As Susan Crawford told us in 2010:
I was brought up and trained in the Internet Age by people who really believed that nation states were on the verge of crumbling…and we could geek around it. We could avoid it. These people [and their nation states] were irrelevant.
Ms. Crawford had a key tech role in the Obama Administration and is now a law professor. She crystalized the wistful disappointment of technocrats when the Internet is confronted with generational expectations of non-technocrats (i.e., you and me). The disappointment that ownership means something, privacy means something and that permission defines a self-identity boundary that is not something to “geek around” in a quest for “permissionless innovation.”
Seeking permission recognizes humanity. Failing to do so takes these rights away from the humans and gives them to the people who own the machines–at least until the arrival of general artificial intelligence which may find us working for the machines.
These core concepts of civil society are not “irrelevant”. They define humanity. What assurance do we have that empowered AI machines won’t capture these rights?
All these concepts are at issue in the “metaverse” plan announced by Mark Zuckerberg, who has a supermajority of Facebook voting shares and has decided to devote an initial investment of $10 billion (that we know of) to expanding the metaverse. Given the addictive properties of social media and the scoring potential of social credit it is increasingly important that we acknowledge that the AI behind the metaverse (and soon almost everything else) is itself a hyper efficient implementation of the biases of those who program that AI.
AI bias and the ethics of AI are all the rage. Harvard Business Review tells us that “AI can help identify and reduce the impact of human biases, but it can also make the problem worse by baking in and deploying biases at scale in sensitive application areas.” Cathy O’Neill’s 2016 book Weapons of Math Destruction is a deep dive into how databases discriminate and exhibit the biases of those who create them.
We can all agree that insurance redlining, gender stereotyping and comparable social biases need to be dealt with. But concerns about bias don’t end there. An even deeper dive needs to be done into the more abstract biases required to geek around the nation state and fundamental human rights corrupted by the “permissionless innovation” bias that is built into major platforms like Facebook and from which its employees and kingpin enjoy unparalleled riches.
That bias will be incorporated into the Zuckerberg version of the metaverse and the AI that will power it.
Here’s an example. We know that Facebook’s architecture never contemplated a music or movie licensing process. Zuckerberg built it that way on purpose–the architecture reflected his bias against respecting copyright, user data and really any private property rights not his own. Not only does Zuckerberg take copyright and data for his own purposes, he has convinced billions of people to create free content for him and then to pay him to advertise that content to Facebook users and elsewhere. He takes great care to be sure that there is extraordinarily complex programming to maximize his profit from selling other people’s property, but he refuses to do the same when it comes to paying the people who create the content, and by extension the data he then repackages and sells.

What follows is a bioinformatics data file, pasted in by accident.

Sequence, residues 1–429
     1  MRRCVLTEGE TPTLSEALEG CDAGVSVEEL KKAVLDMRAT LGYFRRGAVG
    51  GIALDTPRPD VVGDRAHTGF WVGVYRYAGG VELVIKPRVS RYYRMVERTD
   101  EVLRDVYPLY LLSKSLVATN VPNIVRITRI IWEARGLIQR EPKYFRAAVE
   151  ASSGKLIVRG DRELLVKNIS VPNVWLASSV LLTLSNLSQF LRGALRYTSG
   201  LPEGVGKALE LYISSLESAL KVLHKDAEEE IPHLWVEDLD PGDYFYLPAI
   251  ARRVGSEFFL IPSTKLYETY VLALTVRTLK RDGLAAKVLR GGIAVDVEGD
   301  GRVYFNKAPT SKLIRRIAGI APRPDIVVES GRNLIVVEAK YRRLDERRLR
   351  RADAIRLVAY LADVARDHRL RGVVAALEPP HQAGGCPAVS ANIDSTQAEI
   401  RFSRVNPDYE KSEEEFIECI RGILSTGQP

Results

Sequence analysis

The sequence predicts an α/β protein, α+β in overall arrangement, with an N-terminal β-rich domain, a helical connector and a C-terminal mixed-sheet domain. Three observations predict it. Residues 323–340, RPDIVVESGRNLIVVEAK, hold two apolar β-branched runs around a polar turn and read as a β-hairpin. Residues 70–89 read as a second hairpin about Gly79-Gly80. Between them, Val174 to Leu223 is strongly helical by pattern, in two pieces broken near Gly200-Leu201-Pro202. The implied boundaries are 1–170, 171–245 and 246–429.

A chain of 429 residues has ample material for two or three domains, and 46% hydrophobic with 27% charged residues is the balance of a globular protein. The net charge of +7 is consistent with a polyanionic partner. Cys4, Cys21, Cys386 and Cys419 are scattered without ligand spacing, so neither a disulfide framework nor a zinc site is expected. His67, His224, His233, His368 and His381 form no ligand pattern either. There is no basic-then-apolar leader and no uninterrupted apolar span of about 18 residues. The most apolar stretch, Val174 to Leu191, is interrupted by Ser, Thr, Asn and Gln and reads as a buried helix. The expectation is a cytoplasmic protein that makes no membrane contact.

He does this for a reason–he was allowed to get away with it. The music and movie industries failed to stop him and let him get away with it year after year until he finally agreed to make a token payment to a handful of large companies. That cash arrives with no really accurate reporting because reporting would require reversing the bias against licensing and reporting that was built into the Facebook systems to begin with.
A bias that is almost certainly going to be extended into the Facebook metaverse.
The metaverse is likely going to be a place where everything is for sale and product placements abound. The level of data collection on individuals will likely increase exponentially. Consider this Techcrunch description of “Project Cambria” the Metaverse replacement for the standard VR headset:
Cambria will include capabilities that currently aren’t possible on other VR headsets. New sensors in the device will allow your virtual avatar to maintain eye contact and reflect your facial expressions. The company says that’s something that will allow people you’re interacting with virtually to get a better sense of how you’re feeling. Another focus of the headset will be mixed-reality experiences. With the help of new sensors and reconstruction algorithms, Facebook claims Cambria will have the capability to represent objects in the physical world with a sense of depth and perspective.
If past is prologue, the Metaverse will exhibit an even greater disregard for human rights and the laws that protect us than Facebook. That anti-human bias will be baked into the architecture and the AI that supports it. The machines don’t look kindly on those pesky humans and all their petty little rights that stand in the way of the AI getting what it wants.
If you don’t think that’s true, try reading the terms of service for these platforms. Or considering why the technocrats are so interested in safe harbors where their machines can run free of liability for collateral damage. The terms of service should make clear that AI has greater rights than you. We are way beyond pronouns now.
If the only concern of AI ethics is protection against stereotypes or insurance redlining (a version of the social credit score), we will be missing huge fundamental parts of the bias problem. Should we be content if AI is allowing its owner (for so long as it has an owner) to otherwise rob you blind by taking your property or selling your data while using the right pronoun as it geeks around the nation state?